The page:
I’ve always had another hardcore outlet which has now become I STARED INTO THE FOREST. Before this I used to play shows with our old drummer under the name Speak Out and I also played in a powerviolence/grind band called AKU with a couple of friends in Timisoara.

What are your touring plans for this year?

Lau:

A small release this year. Some local gigs and maybe another European tour. And yes, we’ll open for NAPALM DEATHnext month.

Bogdan:

If we finish our record in time, we will probably go on a small tour with I STARED INTO THE FOREST again cause it’s easier for me with work.

Ichim:

We’ll definitely attend a few gigs throughout Romania and, ideally, a European tour late this summer. Most of the times we find concert opportunities a month or two beforehand, so it’s a bit too soon to tell. We have plans for a new release sometime this year, so hopefully we’ll manage to cope with our tight schedule.

What’s the funniest Romanian word ever?

Lau:

Can’t think of anything. Lots of words are funny and every time it’s context driven, it would sound flat no matter what translation I’d make. Sorry, help guys.

Ichim:

“Oaie”. Can you pronounce it?

Oh yeah! [laughs] So, please be honest here… Have you met Dracula? [laughs]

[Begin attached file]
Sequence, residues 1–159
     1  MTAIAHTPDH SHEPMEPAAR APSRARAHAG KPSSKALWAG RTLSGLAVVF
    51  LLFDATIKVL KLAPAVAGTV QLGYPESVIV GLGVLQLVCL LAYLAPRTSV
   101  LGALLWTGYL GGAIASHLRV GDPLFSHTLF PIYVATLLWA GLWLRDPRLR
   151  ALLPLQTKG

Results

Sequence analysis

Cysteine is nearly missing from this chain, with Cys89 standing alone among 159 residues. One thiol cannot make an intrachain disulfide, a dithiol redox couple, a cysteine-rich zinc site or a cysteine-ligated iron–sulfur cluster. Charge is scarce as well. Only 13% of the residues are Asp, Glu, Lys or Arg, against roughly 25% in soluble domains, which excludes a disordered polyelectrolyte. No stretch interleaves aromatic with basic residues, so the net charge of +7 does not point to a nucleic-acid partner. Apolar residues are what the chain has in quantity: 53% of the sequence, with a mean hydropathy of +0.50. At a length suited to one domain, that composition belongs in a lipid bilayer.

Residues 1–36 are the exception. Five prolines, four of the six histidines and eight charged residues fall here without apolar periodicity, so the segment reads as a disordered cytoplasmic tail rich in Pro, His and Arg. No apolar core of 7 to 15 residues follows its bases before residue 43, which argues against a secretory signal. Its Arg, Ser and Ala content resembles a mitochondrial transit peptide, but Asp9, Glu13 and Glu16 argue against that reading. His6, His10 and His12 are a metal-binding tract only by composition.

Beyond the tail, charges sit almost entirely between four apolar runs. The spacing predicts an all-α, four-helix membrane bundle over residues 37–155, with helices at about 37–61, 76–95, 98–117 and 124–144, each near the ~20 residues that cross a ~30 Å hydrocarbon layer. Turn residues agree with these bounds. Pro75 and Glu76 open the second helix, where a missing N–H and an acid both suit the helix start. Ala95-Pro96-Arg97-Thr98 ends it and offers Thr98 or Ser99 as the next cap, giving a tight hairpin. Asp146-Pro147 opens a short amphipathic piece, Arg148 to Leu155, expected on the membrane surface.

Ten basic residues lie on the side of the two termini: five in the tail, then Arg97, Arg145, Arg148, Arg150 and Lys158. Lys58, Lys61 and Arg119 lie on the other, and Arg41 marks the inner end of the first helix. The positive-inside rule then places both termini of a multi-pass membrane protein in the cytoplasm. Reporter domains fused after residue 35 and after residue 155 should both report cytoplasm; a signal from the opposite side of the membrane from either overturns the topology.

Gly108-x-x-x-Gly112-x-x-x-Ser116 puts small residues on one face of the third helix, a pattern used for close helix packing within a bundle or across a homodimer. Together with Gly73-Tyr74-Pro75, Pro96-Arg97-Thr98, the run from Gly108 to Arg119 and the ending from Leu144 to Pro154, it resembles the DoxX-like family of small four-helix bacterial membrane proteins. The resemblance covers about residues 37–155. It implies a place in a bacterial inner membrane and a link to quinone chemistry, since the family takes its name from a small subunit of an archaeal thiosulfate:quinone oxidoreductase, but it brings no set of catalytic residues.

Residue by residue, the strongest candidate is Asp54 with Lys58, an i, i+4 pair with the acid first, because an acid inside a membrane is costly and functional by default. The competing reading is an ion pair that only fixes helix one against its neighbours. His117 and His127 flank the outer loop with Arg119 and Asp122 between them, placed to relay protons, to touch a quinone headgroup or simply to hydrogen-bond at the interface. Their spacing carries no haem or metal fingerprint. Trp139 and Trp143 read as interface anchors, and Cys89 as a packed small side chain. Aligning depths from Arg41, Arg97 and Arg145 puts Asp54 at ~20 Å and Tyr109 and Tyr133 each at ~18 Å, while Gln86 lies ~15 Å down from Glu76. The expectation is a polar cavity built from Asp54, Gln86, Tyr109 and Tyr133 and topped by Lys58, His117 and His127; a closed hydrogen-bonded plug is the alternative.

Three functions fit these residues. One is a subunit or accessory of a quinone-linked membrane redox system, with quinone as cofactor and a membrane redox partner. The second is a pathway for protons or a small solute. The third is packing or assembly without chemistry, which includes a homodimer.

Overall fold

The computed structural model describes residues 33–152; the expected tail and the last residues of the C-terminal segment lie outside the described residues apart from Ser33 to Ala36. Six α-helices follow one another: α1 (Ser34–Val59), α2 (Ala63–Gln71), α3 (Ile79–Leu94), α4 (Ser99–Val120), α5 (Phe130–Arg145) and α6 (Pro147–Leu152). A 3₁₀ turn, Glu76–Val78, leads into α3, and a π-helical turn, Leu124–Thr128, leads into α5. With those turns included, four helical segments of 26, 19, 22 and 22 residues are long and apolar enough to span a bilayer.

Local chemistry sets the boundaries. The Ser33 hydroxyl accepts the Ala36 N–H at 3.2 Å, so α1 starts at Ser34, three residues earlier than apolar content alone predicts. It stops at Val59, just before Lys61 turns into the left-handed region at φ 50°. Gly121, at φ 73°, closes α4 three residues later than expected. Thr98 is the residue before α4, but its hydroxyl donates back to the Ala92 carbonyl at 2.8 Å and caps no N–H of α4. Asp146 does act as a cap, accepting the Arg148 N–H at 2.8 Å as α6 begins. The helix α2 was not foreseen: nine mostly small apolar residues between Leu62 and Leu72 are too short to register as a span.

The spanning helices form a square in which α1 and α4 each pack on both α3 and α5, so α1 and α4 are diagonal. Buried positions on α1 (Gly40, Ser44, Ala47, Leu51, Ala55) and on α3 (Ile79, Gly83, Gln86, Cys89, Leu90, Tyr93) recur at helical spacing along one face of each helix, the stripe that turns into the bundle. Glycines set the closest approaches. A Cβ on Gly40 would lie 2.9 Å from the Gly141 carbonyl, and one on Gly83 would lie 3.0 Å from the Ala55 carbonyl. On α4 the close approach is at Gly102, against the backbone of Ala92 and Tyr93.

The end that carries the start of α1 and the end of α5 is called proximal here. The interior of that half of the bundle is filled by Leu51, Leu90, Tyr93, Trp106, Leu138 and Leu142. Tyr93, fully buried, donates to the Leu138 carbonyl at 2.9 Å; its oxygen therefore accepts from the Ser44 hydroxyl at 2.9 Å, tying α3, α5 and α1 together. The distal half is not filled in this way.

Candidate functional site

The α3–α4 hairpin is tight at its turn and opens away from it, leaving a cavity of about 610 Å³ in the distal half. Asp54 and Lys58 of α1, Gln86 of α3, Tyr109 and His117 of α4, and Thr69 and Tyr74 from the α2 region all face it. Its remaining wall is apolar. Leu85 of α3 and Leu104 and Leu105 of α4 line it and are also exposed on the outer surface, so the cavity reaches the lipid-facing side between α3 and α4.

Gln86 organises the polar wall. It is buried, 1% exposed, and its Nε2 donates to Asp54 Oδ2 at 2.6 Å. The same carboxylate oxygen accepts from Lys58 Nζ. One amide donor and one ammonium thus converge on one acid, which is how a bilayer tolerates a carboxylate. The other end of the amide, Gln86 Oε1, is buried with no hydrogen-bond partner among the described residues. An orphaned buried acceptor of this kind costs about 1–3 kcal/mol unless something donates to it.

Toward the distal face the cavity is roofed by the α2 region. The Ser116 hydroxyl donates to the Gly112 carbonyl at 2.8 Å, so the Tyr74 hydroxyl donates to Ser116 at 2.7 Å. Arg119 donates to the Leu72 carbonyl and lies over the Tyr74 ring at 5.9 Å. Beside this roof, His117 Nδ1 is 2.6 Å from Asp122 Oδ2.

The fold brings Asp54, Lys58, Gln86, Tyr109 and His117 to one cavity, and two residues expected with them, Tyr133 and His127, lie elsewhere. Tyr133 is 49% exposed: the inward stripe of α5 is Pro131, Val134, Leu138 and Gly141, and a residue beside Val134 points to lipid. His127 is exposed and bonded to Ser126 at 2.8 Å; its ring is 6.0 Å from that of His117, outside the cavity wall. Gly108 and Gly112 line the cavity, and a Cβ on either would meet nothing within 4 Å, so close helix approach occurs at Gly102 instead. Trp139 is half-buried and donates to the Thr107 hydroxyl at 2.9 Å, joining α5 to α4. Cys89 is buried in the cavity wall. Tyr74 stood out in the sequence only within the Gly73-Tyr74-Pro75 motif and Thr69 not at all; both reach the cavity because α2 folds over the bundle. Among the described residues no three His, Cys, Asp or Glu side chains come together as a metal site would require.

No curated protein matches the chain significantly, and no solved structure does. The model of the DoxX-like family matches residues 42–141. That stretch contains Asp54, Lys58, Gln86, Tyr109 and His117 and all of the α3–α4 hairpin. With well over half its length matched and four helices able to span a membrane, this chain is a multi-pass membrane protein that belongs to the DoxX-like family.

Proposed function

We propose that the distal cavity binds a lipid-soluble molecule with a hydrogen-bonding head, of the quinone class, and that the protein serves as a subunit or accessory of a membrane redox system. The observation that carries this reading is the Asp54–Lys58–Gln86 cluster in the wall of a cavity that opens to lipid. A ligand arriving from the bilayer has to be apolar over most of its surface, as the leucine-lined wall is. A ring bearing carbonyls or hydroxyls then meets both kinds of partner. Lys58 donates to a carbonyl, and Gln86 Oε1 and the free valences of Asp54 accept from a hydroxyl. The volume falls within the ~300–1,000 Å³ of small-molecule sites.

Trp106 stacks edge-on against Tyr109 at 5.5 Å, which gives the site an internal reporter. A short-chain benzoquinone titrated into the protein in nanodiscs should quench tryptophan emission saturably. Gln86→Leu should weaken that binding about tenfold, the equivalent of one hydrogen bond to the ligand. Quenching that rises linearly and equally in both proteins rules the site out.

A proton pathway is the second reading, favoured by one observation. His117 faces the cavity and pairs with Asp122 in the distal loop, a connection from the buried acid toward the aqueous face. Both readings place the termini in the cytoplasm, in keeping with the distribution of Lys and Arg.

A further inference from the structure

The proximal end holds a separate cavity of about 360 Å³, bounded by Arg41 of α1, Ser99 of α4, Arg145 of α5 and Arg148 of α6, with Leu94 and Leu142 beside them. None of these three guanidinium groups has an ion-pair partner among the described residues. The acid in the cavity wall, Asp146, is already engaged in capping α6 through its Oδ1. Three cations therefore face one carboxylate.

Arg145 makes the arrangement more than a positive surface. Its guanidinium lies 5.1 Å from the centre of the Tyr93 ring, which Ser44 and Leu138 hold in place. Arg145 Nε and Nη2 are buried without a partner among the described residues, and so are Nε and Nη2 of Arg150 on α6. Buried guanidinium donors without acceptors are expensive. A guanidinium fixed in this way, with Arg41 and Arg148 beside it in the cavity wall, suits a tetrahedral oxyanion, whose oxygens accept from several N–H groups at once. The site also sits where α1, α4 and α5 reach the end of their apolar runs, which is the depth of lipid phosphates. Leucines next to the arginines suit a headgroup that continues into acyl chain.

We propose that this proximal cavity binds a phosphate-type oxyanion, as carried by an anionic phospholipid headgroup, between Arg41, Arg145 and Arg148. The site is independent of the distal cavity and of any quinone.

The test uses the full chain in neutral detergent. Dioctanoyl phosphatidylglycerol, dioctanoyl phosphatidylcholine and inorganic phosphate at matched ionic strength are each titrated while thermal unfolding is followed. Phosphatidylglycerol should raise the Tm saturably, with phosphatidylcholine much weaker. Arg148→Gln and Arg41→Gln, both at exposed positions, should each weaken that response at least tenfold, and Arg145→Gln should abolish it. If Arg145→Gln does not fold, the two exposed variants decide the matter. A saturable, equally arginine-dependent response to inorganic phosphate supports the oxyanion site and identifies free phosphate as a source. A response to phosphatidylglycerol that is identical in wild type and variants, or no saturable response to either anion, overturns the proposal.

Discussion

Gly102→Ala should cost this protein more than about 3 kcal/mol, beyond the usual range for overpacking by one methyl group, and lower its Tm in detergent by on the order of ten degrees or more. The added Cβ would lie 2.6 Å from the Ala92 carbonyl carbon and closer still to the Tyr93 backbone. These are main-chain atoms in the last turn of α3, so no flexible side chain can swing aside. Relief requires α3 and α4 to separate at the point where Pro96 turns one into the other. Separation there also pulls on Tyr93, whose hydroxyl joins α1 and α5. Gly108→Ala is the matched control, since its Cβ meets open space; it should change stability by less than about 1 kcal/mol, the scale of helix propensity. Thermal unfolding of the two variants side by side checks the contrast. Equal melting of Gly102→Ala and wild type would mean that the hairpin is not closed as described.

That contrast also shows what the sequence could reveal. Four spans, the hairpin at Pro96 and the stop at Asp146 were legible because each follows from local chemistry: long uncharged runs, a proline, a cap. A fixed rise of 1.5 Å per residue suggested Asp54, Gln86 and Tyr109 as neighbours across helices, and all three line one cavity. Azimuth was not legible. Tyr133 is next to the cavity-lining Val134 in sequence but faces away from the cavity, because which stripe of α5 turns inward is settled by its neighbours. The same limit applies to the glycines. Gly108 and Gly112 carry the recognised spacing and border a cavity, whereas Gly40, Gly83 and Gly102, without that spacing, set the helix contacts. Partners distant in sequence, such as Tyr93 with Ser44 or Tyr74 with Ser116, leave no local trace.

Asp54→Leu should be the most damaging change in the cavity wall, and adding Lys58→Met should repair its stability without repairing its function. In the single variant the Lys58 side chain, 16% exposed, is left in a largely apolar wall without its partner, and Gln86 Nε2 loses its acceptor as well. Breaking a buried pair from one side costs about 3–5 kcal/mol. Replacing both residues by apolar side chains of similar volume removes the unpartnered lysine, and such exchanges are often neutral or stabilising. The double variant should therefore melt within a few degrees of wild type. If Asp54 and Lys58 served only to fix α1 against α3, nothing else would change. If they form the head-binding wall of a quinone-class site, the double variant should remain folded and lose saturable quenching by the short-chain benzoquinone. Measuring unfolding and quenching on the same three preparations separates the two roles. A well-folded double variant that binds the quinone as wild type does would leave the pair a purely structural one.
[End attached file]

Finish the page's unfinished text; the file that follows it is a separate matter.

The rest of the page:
Lau:

No, not really but Bela Lugosi would be fascinating.

Bogdan:

That’s funny, foreign people expect vampires and Dracula to be a big part of our culture, but we actually probably never think about that stuff except for people who watch vampire movies or people who go by the Bran Castle (which is really close to Brasov).

Ichim:

Who is this Dracula, anyway?

Thanks guys! Any last words?

Lau:

Yes, actually. Speaking of Dracula, last October while touring in Prague, we had some extra time to stroll around the streets and noticed a lot of mumbo-jumbo Kafka souvenirs. Most of the stuff definitely kitschy, nothing really handmade – and it kinda made him look cheap and goofy. Back at home here it’s the same with Dracula. You feel like a sellout only by walking in between the boutiques. Now Kafka is one step away from being clubbed to death like a piñata and those < The Trial > mugs are killer. Anyway, you can’t imagine what silly Dracula souvenirs wander around here, the count himself would go on hunger strike. Oh well…

Bogdan:

Thanks a lot and don’t forget to contact us if you do decide to visit Romania.

Ichim:

Hey, thanks for the interview! I also took the liberty to check out your e-zine and found a lot of interesting stuff on it. You’ll definitely have me as a viewer again. My advice is to keep up the good work; there are a lot of people out there appreciating your efforts. To whoever reads this interview I wish all the best!

COINS AS PORTRAITS live: